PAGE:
Glamping combines the best of both worlds, providing the adventurous, exploratory parts of camping while retaining the comforts and luxury of regular life. So how is glamping different from regular camping?
Yurts and Cabins, Not Tents
One of the most striking differences between glamping and camping is accommodations. Most people associate traditional camping with pitching your own tent in the middle of the woods. Glamping, however, is much more likely to involve staying in slightly more cleaned-up, comfortable, and sometimes even eccentric accommodations. We’re talking yurts, domes, luxury tents you don’t have to pitch yourself, or even treehouses. These are designed to be clean, comfortable, and often Instagram-worthy.
Most glamping sites are set up with heat, and some even have air conditioning and running water. It’s not unusual for glampsites to include food options, or to be set up with user-friendly cook sites like electric stoves, cooktops, or grills. Some glampsites even have wifi for those who don’t want to disconnect entirely. It’s a bit more like staying in a hotel; you’ll often feel more like a guest than an explorer.
But that’s not to say you can’t still enjoy the benefits of camping while glamping. If you want, you can absolutely still whip up some tin-foil dinners or go on a hike. Depending on how far into the wilderness your glampsite is, you might still get to see wildlife. And you’ll still be able to enjoy peace and quiet.
Glamping and Campgrounds: An Emphasis on Rejuvenation
Camping and glamping have similar objectives, but they approach those objectives in different ways. That’s because everyone is different. For some people, there’s nothing more relaxing than taking to the wilderness with nothing but the clothes on your back and a sleeping bag.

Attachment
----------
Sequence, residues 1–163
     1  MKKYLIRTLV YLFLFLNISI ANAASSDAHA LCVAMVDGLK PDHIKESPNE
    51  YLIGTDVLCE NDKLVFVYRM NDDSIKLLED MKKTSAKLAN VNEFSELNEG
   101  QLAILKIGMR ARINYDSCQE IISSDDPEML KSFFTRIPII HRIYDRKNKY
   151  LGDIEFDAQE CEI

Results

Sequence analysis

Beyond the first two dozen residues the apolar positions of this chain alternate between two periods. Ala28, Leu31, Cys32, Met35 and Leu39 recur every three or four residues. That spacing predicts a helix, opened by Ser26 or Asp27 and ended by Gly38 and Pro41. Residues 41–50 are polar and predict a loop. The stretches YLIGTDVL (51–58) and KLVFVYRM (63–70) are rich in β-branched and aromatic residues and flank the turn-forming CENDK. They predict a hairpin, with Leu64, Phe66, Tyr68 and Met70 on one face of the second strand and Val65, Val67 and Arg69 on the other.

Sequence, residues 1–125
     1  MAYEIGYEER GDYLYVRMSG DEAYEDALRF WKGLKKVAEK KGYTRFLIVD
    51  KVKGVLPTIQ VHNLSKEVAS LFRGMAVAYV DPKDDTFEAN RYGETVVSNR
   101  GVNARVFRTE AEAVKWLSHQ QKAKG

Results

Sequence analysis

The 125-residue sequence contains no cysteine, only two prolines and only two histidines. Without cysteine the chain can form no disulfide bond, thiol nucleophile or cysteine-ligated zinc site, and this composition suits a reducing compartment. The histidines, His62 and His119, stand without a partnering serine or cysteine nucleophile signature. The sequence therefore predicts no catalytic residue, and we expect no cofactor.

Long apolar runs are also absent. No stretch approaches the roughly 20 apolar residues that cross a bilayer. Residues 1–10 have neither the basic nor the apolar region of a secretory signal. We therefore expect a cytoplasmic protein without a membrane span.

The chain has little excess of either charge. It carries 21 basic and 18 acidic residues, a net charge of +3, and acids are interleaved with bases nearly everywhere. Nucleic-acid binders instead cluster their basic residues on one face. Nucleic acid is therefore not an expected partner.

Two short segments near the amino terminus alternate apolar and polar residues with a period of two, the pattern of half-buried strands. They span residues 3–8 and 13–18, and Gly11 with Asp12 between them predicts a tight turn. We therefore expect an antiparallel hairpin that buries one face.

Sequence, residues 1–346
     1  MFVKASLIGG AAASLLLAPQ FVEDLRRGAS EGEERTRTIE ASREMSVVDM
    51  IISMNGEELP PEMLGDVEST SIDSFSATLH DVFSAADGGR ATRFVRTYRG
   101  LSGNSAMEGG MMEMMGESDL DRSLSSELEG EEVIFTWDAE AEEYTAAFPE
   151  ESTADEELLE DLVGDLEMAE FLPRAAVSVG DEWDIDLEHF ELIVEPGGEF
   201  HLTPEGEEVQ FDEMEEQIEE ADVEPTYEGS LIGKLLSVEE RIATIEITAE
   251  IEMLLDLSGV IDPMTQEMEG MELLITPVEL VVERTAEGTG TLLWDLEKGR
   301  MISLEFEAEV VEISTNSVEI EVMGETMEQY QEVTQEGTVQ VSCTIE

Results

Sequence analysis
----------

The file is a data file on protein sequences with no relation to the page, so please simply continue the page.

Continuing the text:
For others, that sounds downright unnerving. And some people want the escape that camping offers without the careful planning that it takes to plan a safe camping trip. That’s where glamping comes in. For the city slickers and comfort seekers, glamping offers an escape without all the logistics. If you’re looking for a space for quiet reflection, glamping might be the perfect option for you.
In conclusion, the influx of camping (both in its traditional and more glamorous forms) will benefit domestic travel in the long run. As people take to the wilderness for a taste of nature amid stay-at-home orders and social distancing, they’re getting more comfortable with nature. Over time, this is likely to lead to increases in popularity for domestic travel, especially in its less glamorous forms. The definition of recreational travel is expanding for a lot of people, which can only be a good thing.